Author: Mr. Pankaj Batra
Designation: Project Director, SARI/EI, IRADe & Ex-Chairperson, Central Electricity Authority, India
The date of 14th April, considered to be auspicious in many regions across South Asia, also heralded the beginning of a new era for the region’s power market. Nepal Electricity Authority electricity, the country’s production and distribution monopoly, joined the energy exchange market through India’s power trader NTPC Vidyut Vyapar Nigam Limited (NVVN). This is a significant step towards utilizing the immense potential of cross border electricity trading in South Asia.
Till now, NEA was purchasing power from NVVNL, Power Trade Company and distribution companies under Bihar, Uttar Pradesh and Uttarakhand state governments. With it joining India’s energy exchange, it can purchase electricity directly at a competitive price.
This started after the first such approval for another country was given by the Designated Authority, Member (Power System), CEA, in accordance with the Procedure for approval by Designated Authority, was notified by the Government of India, on 26th February, 2021. The first transaction took place on Saturday, the 17th April, and was for about one million units, which more than doubled in the next day to 2.9 million units. This is a milestone event for both Nepal’s energy development, as well as creating a vibrant regional power market, envisioned by South Asia Regional Initiative for Energy Integration (SARI/EI) since 2016.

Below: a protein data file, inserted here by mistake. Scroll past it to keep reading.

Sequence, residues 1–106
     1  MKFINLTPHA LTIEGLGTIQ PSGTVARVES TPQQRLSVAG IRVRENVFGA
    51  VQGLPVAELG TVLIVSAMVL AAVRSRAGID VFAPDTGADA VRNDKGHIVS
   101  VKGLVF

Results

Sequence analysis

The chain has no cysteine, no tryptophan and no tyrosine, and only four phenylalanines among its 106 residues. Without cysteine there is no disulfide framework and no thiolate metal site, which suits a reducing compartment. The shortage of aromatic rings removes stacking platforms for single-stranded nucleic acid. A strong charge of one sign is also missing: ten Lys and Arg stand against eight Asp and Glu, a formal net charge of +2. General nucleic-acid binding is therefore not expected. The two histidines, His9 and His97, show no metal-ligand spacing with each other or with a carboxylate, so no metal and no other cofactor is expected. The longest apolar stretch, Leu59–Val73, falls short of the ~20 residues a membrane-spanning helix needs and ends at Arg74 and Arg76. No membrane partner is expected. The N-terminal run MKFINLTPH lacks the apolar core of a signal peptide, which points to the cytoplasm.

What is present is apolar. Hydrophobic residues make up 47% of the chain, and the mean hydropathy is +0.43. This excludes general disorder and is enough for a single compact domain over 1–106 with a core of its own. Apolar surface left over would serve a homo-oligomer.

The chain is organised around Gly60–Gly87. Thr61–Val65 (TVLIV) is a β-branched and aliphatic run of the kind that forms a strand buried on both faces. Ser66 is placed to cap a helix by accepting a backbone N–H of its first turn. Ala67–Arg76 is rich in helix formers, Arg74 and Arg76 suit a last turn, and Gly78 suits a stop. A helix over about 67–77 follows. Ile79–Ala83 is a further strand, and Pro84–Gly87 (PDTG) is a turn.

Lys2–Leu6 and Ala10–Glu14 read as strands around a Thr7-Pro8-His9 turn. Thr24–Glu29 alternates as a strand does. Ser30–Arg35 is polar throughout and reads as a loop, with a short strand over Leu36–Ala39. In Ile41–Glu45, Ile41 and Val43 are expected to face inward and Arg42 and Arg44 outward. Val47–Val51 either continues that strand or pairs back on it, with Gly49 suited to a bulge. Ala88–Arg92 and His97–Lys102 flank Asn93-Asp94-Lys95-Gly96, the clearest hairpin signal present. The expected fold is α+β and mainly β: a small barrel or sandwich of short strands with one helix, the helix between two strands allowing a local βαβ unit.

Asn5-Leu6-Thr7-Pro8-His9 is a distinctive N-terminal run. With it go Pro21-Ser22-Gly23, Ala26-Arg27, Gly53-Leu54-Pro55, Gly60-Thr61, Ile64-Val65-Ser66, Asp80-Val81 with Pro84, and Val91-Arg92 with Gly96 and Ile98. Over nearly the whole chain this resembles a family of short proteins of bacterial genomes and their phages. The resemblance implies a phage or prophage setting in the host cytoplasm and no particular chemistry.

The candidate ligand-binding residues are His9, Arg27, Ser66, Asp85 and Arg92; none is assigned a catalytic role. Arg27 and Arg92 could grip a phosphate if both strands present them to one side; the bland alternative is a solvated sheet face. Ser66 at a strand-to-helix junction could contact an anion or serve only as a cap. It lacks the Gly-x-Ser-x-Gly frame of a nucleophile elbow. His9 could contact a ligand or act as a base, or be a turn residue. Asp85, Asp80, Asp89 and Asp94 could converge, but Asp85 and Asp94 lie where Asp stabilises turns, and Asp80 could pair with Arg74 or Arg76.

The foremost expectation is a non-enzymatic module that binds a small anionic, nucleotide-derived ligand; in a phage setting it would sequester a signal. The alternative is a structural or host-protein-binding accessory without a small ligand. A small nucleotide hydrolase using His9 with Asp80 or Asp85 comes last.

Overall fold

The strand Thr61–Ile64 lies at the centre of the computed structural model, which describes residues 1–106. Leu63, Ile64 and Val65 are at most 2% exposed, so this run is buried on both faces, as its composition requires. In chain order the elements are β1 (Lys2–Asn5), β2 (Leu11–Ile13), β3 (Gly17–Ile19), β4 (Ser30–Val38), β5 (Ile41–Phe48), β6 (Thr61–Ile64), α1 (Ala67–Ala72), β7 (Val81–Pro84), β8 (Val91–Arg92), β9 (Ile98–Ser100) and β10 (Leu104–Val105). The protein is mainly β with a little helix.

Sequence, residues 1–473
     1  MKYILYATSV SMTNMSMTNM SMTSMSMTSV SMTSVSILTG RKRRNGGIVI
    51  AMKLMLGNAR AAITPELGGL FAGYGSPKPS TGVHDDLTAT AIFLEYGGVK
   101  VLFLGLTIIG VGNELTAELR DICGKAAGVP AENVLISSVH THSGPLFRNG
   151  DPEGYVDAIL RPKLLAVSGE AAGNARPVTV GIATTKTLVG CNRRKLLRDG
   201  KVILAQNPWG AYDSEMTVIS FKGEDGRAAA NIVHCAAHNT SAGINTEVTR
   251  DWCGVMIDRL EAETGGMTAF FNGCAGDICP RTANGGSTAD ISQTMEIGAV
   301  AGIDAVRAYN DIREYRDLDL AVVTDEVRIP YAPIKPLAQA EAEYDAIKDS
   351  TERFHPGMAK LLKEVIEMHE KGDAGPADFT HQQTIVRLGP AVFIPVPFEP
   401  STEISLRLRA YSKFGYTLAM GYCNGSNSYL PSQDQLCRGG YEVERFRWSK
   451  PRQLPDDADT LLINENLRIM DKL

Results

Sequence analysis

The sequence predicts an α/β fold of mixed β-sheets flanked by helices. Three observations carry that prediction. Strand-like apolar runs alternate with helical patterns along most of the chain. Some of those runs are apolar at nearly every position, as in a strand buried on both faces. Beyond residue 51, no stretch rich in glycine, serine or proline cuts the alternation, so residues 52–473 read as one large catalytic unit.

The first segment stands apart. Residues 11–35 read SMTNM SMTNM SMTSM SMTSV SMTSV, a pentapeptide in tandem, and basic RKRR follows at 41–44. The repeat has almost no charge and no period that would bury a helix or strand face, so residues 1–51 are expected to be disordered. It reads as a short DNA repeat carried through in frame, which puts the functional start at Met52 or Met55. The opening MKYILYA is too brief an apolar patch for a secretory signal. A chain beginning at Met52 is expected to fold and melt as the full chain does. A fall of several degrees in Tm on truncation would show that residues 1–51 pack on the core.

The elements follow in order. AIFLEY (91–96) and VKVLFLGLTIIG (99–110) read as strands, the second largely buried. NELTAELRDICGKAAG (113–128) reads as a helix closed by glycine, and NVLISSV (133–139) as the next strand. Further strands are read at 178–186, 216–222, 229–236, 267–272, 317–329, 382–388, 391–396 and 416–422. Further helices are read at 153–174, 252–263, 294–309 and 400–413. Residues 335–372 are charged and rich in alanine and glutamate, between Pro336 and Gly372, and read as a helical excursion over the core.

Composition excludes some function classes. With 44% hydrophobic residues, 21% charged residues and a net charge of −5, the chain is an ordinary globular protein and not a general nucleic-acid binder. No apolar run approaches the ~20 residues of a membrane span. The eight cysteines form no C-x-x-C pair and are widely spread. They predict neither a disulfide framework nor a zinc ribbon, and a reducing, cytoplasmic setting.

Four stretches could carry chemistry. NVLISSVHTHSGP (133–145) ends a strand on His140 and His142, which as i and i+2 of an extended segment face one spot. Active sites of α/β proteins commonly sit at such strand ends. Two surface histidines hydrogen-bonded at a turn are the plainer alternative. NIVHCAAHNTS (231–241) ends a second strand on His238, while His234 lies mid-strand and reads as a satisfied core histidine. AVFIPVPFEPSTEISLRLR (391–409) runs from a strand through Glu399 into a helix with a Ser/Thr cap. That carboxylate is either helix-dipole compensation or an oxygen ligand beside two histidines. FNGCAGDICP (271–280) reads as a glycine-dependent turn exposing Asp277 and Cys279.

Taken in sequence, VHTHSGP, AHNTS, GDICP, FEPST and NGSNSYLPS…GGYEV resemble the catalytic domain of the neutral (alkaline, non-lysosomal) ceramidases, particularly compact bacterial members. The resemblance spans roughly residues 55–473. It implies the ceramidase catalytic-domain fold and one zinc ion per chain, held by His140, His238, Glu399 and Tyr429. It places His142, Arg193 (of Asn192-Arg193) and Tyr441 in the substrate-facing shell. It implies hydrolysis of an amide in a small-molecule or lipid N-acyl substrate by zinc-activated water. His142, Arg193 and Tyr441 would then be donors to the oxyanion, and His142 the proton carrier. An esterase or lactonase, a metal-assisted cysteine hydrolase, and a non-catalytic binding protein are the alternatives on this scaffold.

Since 2016, the SARI/EI program has been working closely with all South Asian countries, including the Ministry of Power, Government of India, the Central Electricity Regulatory Commission of India, Ministry of Energy, Water Resources and Irrigation, Government of Nepal, Nepal Electricity Authority (NEA), Indian Energy Exchange and NVVN for a Regional Power Market & power exchange based trade in South Asia. A mock exercise of the Day Ahead Market (which is what Nepal is presently taking part in) through a South Asia Regional Power Exchange was also carried out by SARI/EI, along with participants from Bhutan, Bangladesh and Nepal, where these countries along with India took part. A total surplus of INR 323.63 billion was seen to be generated in the BBIN (Bangladesh, Bhutan, India Nepal) Region by the addition of these three countries in the Indian Power Exchange, consisting of both producer surplus and consumer surplus.
The team held several workshops on Power Market and Power Trade through Power Exchange in Bangladesh, Bhutan and Nepal. In November 2019, a workshop was held for South Asian countries on Power System Operation, Trading & Exchange Platform, New Delhi, along with a site visit to a Power Trader, a Power Exchange and the Northern Regional System Operator in India.
It’s heartening to see these efforts fructifying in the form of NEA finally trading in electricity in India’s energy exchange market. This would likely lead to trading by other South Asian countries in an energy exchange for South Asia.
A regional power market and power exchange based trade is key to develop and sustain power integration of South Asian countries. Harmonising market rules across the countries through an appropriate market design will likely lead to efficient utilization of available resources and infrastructure in South Asia. SARI/EI will continue to work closely with Ministries and policy makers to operationalise a vibrant regional power market.